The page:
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Tearing Serbia apart

Soric Miodrag Kommentarbild App
Miodrag Soric
July 9, 2020

Tension is high in Serbia. Protesters have taken to the streets for consecutive days to call for the president's resignation. They are absolutely correct to feel angry, DW's Miodrag Soric writes.

Serbia: Belgrade
Image: Getty Images/AFP/A. Isakovic

President Aleksandar Vucic would prefer think that dark forces beyond the borders are manipulating demonstrators in Serbia rather than acknowledge that protests in Belgrade are a sign of dissatisfaction with his government. After winning a landslide victory in "elections" that were boycotted by the opposition in June, Vucic now controls two-thirds of the seats in parliament.

Vucic has no explanation for how "foreign agents" could control tens of thousands of people all over Serbia. Nor does he name any names. He is simply spreading the same conspiracy theories that date back to Yugoslavia's ruling Communist party.

Soric, Miodrag
DW's Miodrag Soric

He learned how to do this from his mentor, the late President Slobodan Milosevic, who also mutated from Communist to nationalist. Vucic, too, claims to be a democratic ruler and has adopted his mentor's methods for holding onto power: clamping down on dissent, consolidating the media and keeping the judicial system under control.

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Serbs feel cheated

Serbs have gone out onto the streets to demonstrate because they feel cheated — and not just by the election results. The protests are also about the coronavirus pandemic. In the weeks leading up to the polls, Vucic lifted most of the measures put in place to prevent the spread of the novel coronavirus, claiming that the pandemic was under control.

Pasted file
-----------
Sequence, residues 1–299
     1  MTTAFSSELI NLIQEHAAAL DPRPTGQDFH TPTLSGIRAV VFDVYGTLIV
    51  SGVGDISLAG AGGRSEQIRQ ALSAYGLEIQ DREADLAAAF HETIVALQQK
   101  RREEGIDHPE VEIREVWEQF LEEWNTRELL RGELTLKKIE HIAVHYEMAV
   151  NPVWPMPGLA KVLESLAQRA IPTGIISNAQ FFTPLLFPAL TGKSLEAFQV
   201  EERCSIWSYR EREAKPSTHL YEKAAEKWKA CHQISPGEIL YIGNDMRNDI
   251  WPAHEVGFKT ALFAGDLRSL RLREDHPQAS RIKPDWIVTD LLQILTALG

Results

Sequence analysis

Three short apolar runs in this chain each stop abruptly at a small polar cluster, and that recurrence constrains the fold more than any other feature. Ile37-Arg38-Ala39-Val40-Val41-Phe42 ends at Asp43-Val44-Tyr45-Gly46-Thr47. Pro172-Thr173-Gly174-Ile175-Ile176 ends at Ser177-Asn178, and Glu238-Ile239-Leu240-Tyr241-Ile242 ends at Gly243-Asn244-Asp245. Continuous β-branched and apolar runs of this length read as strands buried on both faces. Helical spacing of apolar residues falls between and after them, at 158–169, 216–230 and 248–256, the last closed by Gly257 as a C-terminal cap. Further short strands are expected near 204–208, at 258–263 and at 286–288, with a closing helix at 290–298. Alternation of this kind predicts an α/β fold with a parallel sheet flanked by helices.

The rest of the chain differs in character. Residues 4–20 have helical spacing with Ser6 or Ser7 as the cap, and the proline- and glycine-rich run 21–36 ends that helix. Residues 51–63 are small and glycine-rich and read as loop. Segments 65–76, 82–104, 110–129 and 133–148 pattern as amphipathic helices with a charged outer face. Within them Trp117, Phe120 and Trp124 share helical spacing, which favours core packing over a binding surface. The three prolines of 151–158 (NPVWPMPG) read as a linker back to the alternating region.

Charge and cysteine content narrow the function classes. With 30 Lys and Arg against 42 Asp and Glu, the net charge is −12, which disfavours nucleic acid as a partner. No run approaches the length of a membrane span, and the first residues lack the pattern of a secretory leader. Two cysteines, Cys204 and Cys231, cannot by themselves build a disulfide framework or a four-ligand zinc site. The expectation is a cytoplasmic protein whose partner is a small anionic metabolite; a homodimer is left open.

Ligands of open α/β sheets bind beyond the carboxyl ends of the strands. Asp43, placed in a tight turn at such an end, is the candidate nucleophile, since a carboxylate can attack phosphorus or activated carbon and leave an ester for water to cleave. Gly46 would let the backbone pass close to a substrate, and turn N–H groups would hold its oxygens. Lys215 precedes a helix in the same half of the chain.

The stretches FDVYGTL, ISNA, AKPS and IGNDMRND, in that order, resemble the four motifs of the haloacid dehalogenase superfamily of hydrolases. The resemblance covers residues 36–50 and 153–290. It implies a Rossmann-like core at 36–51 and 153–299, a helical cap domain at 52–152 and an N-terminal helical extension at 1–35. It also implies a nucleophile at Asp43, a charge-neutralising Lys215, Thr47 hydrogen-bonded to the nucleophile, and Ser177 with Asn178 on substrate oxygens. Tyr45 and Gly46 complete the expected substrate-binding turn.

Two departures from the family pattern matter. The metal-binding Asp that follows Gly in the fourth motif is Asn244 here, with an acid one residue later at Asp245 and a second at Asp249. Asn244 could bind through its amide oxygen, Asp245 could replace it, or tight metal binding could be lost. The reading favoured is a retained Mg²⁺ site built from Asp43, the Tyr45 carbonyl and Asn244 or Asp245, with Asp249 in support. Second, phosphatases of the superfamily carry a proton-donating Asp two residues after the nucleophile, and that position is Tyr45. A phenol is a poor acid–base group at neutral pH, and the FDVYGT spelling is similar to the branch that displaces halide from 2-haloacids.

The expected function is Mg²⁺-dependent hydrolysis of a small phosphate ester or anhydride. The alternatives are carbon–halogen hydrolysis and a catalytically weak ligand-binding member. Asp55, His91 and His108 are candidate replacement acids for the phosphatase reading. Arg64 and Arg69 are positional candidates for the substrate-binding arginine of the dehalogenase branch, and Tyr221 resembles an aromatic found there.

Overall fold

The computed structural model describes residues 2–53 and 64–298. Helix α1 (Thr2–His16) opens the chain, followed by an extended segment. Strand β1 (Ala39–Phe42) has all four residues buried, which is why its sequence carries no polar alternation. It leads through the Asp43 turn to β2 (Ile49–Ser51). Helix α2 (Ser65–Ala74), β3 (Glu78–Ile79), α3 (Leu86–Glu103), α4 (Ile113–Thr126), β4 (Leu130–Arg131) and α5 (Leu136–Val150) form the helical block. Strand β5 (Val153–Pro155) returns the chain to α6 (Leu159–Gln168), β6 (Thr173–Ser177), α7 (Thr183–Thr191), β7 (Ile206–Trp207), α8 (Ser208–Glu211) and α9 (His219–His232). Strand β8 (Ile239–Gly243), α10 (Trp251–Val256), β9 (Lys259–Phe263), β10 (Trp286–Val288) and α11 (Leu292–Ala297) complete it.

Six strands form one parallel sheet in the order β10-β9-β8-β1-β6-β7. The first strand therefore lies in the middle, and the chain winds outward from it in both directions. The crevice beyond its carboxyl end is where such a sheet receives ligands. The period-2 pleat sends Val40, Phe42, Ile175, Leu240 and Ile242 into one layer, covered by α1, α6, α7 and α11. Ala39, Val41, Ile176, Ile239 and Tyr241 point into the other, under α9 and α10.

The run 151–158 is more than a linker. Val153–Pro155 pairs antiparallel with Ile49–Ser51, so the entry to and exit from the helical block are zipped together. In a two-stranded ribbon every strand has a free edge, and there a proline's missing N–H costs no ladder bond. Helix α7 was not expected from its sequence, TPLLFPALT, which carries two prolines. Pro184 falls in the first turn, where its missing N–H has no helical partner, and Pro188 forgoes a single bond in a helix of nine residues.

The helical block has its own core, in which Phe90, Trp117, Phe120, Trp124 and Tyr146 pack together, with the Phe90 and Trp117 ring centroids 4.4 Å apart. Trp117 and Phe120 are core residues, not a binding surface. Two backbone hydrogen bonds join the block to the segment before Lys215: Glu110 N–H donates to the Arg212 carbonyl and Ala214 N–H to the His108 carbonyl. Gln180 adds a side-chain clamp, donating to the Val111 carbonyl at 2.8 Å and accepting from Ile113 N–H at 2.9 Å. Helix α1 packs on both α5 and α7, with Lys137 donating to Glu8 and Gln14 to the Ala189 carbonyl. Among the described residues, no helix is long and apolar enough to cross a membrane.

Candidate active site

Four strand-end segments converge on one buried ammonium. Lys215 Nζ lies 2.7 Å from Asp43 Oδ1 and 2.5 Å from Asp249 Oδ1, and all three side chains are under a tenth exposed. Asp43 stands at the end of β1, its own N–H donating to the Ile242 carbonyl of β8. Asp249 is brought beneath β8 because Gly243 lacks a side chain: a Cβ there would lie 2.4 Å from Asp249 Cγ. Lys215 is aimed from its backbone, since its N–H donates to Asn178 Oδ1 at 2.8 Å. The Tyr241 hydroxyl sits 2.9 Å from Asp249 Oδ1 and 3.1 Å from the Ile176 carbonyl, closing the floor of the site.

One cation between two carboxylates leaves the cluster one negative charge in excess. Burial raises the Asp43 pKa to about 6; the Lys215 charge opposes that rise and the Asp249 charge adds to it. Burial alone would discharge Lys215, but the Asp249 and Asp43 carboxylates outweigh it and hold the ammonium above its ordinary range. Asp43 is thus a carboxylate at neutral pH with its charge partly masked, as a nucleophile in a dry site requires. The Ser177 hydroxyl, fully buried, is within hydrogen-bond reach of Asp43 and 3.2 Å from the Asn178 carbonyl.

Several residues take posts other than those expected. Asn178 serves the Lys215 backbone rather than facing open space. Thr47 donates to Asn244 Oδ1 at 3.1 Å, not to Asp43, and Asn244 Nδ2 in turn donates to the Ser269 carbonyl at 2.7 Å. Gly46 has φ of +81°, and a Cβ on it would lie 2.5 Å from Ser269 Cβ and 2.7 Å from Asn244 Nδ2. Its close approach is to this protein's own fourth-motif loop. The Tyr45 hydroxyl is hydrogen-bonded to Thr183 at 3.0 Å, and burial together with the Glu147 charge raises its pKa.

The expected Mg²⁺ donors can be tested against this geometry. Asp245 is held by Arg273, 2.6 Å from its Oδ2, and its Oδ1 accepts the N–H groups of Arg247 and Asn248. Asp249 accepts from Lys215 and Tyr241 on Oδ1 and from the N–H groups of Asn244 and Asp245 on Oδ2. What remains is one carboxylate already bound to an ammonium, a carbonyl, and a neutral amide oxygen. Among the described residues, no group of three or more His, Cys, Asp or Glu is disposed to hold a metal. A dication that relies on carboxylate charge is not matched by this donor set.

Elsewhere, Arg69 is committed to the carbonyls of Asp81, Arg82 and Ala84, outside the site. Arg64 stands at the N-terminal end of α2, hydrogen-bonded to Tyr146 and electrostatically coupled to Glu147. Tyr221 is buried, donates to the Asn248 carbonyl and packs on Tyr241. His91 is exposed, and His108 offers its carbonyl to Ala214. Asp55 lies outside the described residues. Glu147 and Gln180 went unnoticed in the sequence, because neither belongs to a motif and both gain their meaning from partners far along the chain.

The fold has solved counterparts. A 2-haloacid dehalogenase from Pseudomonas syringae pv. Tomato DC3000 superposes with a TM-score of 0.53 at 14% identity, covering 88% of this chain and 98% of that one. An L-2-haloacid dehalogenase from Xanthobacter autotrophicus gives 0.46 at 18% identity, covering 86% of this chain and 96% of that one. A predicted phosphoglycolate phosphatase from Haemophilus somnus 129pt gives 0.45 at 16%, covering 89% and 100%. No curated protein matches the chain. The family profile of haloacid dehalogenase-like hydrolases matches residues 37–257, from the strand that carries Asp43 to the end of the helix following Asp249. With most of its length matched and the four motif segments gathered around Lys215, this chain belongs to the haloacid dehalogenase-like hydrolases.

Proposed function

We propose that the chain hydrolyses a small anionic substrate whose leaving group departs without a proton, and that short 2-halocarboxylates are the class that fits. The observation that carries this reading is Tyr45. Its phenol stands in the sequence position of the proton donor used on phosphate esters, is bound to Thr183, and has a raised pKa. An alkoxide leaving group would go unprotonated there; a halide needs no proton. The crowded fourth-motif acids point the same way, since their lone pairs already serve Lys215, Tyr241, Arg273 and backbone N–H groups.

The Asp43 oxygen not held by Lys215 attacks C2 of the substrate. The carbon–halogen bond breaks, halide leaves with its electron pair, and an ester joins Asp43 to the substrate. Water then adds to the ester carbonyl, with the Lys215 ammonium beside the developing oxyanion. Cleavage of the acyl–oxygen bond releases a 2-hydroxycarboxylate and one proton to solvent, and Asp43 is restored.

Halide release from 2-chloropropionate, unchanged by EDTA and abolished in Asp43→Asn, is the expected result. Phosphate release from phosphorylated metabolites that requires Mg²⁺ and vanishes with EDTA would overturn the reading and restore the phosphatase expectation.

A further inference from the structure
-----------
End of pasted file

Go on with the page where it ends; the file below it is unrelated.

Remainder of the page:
Read more: Vucic says protesters are 'hooligans'

Suddenly, it seems as if the situation is much worse than Vucic had said. The virus continues to spread, and people are dying. The economy is in free fall. And the president refuses to take responsibility.

Vucic has responded to the demonstrations by sending in his henchmen — sometimes in uniform, sometimes as undercover agents provocateurs who initiate violence to discredit the peaceful protesters. Contrary to what Vucic has said, the police are not holding back. The internet is rife with footage of officers hitting men and women on the ground, even children. Domestic security forces have long been the country's shame.

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EU must act

Serbia is not a democracy. And, until it is, it should not be considered a potential member of the European Union. The EU has enough to deal with with the autocratic leaders already in its ranks. It does not need another.  

When Germany took over the presidency of the European Council last week, Chancellor Angela Merkel said some nice-sounding words about the state of law and democracy in the EU. However, words are not enough. Action is necessary. Serbia's accession negotiations should be suspended for as long as Vucic is in power. EU officials should call for an independent investigation into the brutal assaults on demonstrators. If Serbia refuses to cooperate, then its interior and defense ministers should be refused entry into EU countries.

The European Union cannot allow Serbia to get away with this. Merkel has supported Vucic for too long. He could cast a shadow on her successful chancellorship.

Vucic's strength is a weak and divided opposition. Despite the fact that he is an atheist, the president has managed to co-opt the Serbian Orthodox Church. Some bishops in the Vojvodina region were taken in by him. All the state apparatuses and resources are under his control. He could in theory stay in power as long as this remains the case.

What is even more tragic is that this is not necessarily a matter of alarm internationally. There is peace in the Balkans. Young well-educated Serbs have left the country in droves to try their luck in Canada, France and Germany. There were about 10 million Serbs living in the Balkans after the breakup of Yugoslavia. Now, there are about 7 million — and there might be less than half that many within a few decades at this rate.